Madelaine VanDerHeyden ’20

MA in Global Communications (Development Track)

Madelaine VanDerHeyden ’20

What were you looking for in a graduate degree program?

When I started to explore the idea of going to graduate school, I knew exactly what I wanted: hands-on experience. I believe in learning through living and that our relationships and experiences are our greatest teachers. As a result, AUP's focus on experiential learning, seen through its Cultural Program study trips and skills-oriented modules, was really attractive to me. I also wanted a smaller graduate program that would allow me to build tight relationships with my professors and peers. I felt from day one at AUP that I was not just attending a university; I was part of a real community.

What was your most memorable AUP experience?

The Sustainable Development Practicum in Auroville, India. I have often referred to my experience there as "emotional photosynthesis" – a profound "aha!” moment – that confirmed I was following the right path by attending AUP and also set me on a new one toward growth. It was an exciting, adventurous exploration of self and sustainability – one that I will always remember as a pivotal turning point in my life. When I returned to Auroville to conduct fieldwork for my graduate thesis, thanks to the generosity of the Margaret G. Slosberg Foundation, I collaborated with three local organizations I had met during the practicum to understand how they practice communication in their sustainability programs. Working hand-in-hand with these organizations provided an opportunity to see the impact that sustainability and communication can have on people's lives. It can be easy to think of communication as just material things like television and social media. However, I have learned it is the immaterial impacts of communication – such as relationship-building, dialogue and self-expression – that affect us on a much deeper level. These impacts help us bond with others, express ourselves, build understanding and strengthen our communities. They help us develop both individually and as a collective.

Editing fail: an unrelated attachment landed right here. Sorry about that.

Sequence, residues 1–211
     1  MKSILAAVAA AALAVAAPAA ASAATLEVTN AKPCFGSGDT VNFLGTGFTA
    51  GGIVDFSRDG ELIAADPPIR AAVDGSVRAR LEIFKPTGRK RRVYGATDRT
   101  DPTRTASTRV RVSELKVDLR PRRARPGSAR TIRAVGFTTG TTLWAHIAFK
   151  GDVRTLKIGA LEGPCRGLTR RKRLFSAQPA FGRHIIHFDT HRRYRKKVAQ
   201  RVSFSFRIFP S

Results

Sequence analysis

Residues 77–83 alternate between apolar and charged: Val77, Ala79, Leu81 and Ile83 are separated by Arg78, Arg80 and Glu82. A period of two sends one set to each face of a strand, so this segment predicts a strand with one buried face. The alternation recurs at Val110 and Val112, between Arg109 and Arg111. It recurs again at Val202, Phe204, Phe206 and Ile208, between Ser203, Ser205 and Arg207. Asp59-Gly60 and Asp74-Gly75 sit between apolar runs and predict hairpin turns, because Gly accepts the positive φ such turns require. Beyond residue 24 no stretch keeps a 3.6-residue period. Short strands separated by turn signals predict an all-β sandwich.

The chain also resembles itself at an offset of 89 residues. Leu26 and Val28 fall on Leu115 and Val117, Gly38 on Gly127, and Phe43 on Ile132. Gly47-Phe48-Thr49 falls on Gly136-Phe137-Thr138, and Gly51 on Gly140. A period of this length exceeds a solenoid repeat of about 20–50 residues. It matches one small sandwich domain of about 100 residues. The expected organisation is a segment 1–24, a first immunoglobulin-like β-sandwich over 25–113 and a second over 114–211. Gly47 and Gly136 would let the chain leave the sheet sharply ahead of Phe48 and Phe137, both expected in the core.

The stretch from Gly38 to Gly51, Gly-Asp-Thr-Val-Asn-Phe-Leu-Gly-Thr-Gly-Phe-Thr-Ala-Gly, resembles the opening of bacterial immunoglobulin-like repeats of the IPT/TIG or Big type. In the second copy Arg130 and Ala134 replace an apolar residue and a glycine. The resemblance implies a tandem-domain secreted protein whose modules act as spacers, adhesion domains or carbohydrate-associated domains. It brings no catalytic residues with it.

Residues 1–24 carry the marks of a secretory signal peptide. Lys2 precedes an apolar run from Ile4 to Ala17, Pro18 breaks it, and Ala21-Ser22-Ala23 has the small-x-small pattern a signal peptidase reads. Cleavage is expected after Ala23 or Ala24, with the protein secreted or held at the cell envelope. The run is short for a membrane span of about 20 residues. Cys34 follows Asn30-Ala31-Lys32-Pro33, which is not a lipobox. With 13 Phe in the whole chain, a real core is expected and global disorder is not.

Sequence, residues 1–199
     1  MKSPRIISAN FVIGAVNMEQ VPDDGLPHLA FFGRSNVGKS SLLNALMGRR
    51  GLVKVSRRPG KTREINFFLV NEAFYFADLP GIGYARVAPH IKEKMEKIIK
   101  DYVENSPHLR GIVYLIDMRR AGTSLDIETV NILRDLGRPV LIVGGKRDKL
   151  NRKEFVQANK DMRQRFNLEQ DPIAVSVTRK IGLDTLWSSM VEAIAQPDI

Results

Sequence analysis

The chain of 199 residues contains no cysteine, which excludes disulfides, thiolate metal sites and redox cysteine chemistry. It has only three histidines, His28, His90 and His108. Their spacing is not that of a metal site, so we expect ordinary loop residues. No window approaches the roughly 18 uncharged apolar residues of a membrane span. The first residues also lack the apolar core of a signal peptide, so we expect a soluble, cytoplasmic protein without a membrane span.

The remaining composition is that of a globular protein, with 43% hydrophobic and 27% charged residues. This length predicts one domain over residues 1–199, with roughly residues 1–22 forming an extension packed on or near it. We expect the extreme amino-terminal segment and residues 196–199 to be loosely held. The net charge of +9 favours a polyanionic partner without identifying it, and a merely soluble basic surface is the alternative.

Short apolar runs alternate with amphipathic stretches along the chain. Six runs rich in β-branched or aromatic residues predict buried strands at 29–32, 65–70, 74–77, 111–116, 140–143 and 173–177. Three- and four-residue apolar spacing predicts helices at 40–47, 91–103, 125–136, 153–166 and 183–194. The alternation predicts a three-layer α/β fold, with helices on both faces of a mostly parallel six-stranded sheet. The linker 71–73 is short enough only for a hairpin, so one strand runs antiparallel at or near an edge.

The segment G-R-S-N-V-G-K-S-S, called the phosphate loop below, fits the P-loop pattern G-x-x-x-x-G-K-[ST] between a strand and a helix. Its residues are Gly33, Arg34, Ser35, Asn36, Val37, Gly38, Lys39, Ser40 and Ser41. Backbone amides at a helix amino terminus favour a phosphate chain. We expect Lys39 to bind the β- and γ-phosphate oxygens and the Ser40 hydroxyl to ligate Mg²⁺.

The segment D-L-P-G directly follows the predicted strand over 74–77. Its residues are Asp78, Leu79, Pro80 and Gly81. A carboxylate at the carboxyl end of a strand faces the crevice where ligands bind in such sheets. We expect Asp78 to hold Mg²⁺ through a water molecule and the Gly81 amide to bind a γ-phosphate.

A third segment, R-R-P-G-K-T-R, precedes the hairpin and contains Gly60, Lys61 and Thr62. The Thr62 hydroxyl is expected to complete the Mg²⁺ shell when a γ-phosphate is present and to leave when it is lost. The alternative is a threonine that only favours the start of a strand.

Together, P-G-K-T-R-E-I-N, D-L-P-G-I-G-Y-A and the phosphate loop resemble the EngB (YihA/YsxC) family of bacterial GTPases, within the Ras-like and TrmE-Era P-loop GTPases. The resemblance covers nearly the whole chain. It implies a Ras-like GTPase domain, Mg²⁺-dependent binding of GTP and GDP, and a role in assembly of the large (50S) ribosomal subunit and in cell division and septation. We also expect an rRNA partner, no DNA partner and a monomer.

How has your time at AUP impacted your life and career?

AUP helped me cultivate the practical skills I needed to launch a career in communications. From strategic mapping in my classes to creating an ethnographic methodology for my fieldwork in India, my AUP experience helped me develop a personal toolkit of skills and capacities based on my strengths and interests. I now work in communications and engagement for a sustainability-oriented business association, and that toolkit has been by my side the entire time.

How can communications professionals work together to confront global challenges?

There is no one single most important global challenge. If we're talking about climate change, for example, we can't just talk about carbon emissions or rising sea levels; we also have to talk about politics, power, trade, human rights, behavior, migration and biodiversity – the list goes on! I would say everyone, communications professional or not, needs to understand this critical concept. Everything is related, and connecting the dots is the first step in transforming how we live on this planet. We need connection, and that’s exactly why we need communication.